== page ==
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Group A Streptococcus (GAS): its surface phosphoglycerate kinase (PGK) and recent epidemiology in Alberta Open Access


Other title
Group A Streptococcus (GAS)
Invasive GAS epidemiology
emm pattern
M protein-based vaccines
Surface phosphoglycerate kinase (PGK)
Type of item
Degree grantor
University of Alberta
Author or creator
Hirji, Faisal H
Supervisor and department
Tyrrell, Gregory (Laboratory Medicine and Pathology)
Examining committee member and department
Tyrrell, Gregory (Laboratory Medicine and Pathology)
Charlton, Carmen (Laboratory Medicine and Pathology)
Rennie, Robert (Laboratory Medicine and Pathology)
Li, Xing-Fang (Laboratory Medicine and Pathology)
Laboratory Medicine and Pathology
Molecular Pathology
Date accepted
Graduation date
2017-11:Fall 2017
Master of Science
Degree level
Streptococcus pyogenes, also known as Group A Streptococcus (GAS) is a bacterium that causes diseases such as pharyngitis, acute rheumatic fever and invasive disease. In Alberta, the invasive GAS incidence rate has increased from 4.77/100 000 (2010) to 7.69/100 000 (2016). GAS emm 1 and 59 were the most common emm types associated with invasive disease in 2004-2011. However, a more in-depth insight into recent emm types and epidemiological trends correlated with invasive GAS has not been conducted. In addition, the theoretical coverage of invasive GAS with the 26-valent and 30-valent vaccines, two GAS vaccine candidates, in Alberta has not been assessed. With regards to the 26-valent and 30-valent vaccines, an issue that arises may be their limited coverage. To improve the coverage, GAS phosphoglycerate kinase (PGK) could be added to the candidates or be an alternative to them. GAS PGK is a glycolytic enzyme that is present on the bacterial surface and reacts with human immunoglobulin. Although PGK has been demonstrated on the surface of a few GAS emm types, an extensive assessment of its surface presence has not been conducted. In addition, the mechanisms behind PGK surface expression on GAS have not been explored either. The objectives of this research project are to investigate epidemiological trends associated with invasive GAS in Alberta in 2013- 2016, provide an assessment of the theoretical coverage of the 26-valent and 30-valent vaccines in Alberta for invasive GAS and determine the extent of surface PGK presence in GAS emm types tested using enzyme linked immunosorbent assay. Between 2013- 2016, a total of 1 085 invasive GAS cases were selected for analysis. The top five invasive GAS emm types in Alberta during this period, in order of prevalence, were emm 1 (204 cases), 82 (71 cases), 28 (70 cases), 101 (66 cases) and 41 (62 cases). Other interesting features were that invasive GAS emm 74 was first detected in Alberta (fifteen cases in 2016) and GAS emm 59 invasive cases increased from five cases (2013) to 20 (2016), possibly indicating its reemergence in the province. Invasive GAS in Alberta also shows seasonality, affects males (incidence rate of 9.9/100 000 population in 2016) more than females (6.1/100 000 population) and seems to mainly target 51->80 year olds based on specific laboratory-acquired data. According to the theoretical coverage assessment for the 26-valent and 30-valent vaccines, the 30-valent vaccine had better coverage than the 26-valent vaccine in combating recent invasive GAS in Alberta. However, the non-coverage of both vaccine candidates seems to be gradually worsening in Alberta over the years assessed. Therefore, the GAS PGK antigen may help to increase the coverage for the 30-valent vaccine in Alberta. Twenty-one GAS strains were tested for surface PGK. Out of these 21, 19 demonstrated the surface protein. These 19 strains consisted of 17 different M/emm types, of which 14 had previously not been known to possess surface PGK. In addition, the surface expression of PGK on GAS was not apparently affected by the tissue microenvironment. Rather, surface PGK expression was GAS strain-specific. The comparison of GAS strains with detectable and non-detectable surface PGK may lead to a better understanding as to how this protein is surface expressed, as well as its additional roles in GAS pathogenesis.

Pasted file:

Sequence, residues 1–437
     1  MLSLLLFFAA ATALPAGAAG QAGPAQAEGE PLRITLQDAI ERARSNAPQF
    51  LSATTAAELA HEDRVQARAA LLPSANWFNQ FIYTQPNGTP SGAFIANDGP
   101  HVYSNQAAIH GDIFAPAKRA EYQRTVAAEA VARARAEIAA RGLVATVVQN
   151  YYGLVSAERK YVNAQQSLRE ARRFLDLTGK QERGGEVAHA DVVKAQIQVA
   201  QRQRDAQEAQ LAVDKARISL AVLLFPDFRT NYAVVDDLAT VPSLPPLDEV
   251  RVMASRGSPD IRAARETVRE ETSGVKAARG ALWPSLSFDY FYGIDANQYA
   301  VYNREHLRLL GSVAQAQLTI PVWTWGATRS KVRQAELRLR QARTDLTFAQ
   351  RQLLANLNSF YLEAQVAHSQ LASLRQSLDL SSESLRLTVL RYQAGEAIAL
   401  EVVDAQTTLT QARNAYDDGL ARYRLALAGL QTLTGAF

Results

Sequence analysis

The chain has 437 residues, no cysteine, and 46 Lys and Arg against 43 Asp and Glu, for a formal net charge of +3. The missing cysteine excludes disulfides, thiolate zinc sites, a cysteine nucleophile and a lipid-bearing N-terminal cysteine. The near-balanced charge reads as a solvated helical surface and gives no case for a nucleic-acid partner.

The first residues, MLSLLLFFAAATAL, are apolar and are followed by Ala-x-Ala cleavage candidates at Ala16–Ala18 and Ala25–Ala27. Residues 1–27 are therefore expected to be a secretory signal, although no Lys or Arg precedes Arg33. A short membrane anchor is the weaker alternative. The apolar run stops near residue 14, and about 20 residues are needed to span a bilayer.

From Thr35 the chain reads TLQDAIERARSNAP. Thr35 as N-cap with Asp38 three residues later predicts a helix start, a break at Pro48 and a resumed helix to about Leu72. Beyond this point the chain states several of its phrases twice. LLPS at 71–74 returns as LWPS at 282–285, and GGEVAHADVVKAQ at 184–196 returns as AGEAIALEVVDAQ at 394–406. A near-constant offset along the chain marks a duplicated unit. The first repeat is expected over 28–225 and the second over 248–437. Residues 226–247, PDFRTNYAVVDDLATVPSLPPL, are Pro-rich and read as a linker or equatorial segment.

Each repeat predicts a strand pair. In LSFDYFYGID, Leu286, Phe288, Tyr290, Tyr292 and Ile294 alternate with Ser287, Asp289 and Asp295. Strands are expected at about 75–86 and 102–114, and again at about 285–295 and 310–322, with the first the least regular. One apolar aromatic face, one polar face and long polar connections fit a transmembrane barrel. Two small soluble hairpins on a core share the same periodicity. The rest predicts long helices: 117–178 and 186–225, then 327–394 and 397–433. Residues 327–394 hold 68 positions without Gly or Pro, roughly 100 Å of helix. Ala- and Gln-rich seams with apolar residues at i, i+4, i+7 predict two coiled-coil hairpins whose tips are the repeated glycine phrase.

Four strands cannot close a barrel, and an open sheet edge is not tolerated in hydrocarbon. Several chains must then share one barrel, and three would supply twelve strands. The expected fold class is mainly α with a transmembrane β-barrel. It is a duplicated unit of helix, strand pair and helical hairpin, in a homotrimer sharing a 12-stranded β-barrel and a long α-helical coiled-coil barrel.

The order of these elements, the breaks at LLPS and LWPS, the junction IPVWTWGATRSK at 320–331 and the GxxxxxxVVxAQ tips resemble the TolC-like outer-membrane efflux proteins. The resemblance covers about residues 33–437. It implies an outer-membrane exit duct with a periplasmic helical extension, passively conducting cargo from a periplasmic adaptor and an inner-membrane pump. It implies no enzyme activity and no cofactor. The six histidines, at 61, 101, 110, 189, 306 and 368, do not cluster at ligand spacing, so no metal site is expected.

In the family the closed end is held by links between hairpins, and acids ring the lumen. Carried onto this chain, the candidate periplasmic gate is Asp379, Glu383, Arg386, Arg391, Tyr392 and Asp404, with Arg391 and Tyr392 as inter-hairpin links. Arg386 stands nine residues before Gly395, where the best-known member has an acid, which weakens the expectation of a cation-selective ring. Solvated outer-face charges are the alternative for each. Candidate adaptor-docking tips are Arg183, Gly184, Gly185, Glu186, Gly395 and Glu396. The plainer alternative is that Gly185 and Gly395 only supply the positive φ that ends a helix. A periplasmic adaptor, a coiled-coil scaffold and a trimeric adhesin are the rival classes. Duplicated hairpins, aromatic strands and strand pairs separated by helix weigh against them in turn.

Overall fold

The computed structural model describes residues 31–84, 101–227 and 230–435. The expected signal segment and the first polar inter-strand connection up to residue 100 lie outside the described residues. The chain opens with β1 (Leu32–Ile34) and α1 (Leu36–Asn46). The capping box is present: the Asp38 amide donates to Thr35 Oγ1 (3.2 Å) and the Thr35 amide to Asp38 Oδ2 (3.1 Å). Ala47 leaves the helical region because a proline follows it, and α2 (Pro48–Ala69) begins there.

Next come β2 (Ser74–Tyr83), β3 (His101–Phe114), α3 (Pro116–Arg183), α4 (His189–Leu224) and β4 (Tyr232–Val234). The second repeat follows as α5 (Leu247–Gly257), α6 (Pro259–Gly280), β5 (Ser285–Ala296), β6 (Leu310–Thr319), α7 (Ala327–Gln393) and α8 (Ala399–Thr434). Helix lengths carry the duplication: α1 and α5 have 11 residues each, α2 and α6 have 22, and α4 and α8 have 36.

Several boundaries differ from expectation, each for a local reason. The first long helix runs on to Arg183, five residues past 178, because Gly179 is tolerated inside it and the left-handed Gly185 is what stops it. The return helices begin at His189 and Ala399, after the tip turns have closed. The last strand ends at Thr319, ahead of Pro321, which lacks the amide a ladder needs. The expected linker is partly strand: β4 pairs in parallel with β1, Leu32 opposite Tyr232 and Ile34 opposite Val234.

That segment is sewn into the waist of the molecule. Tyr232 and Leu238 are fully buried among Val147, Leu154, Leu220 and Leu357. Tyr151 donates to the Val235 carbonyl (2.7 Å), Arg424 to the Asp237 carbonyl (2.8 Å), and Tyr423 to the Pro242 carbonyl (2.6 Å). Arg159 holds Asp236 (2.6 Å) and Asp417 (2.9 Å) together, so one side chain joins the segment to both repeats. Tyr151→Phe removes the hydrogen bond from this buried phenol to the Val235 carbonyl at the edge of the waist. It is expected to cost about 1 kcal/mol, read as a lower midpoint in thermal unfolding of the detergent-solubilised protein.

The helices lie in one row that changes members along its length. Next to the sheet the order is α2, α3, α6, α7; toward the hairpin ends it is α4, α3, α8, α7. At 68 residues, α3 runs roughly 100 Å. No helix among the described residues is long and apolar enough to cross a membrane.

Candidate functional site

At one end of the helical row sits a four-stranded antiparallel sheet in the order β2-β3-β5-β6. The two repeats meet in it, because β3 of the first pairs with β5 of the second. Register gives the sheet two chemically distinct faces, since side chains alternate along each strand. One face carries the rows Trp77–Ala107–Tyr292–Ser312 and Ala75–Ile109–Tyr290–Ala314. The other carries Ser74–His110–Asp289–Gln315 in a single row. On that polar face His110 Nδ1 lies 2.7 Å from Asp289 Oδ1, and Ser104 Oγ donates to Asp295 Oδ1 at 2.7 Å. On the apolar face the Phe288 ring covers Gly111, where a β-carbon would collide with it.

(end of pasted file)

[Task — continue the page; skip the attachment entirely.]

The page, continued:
This thesis is made available by the University of Alberta Libraries with permission of the copyright owner solely for the purpose of private, scholarly or scientific research. This thesis, or any portion thereof, may not otherwise be copied or reproduced without the written consent of the copyright owner, except to the extent permitted by Canadian copyright law.
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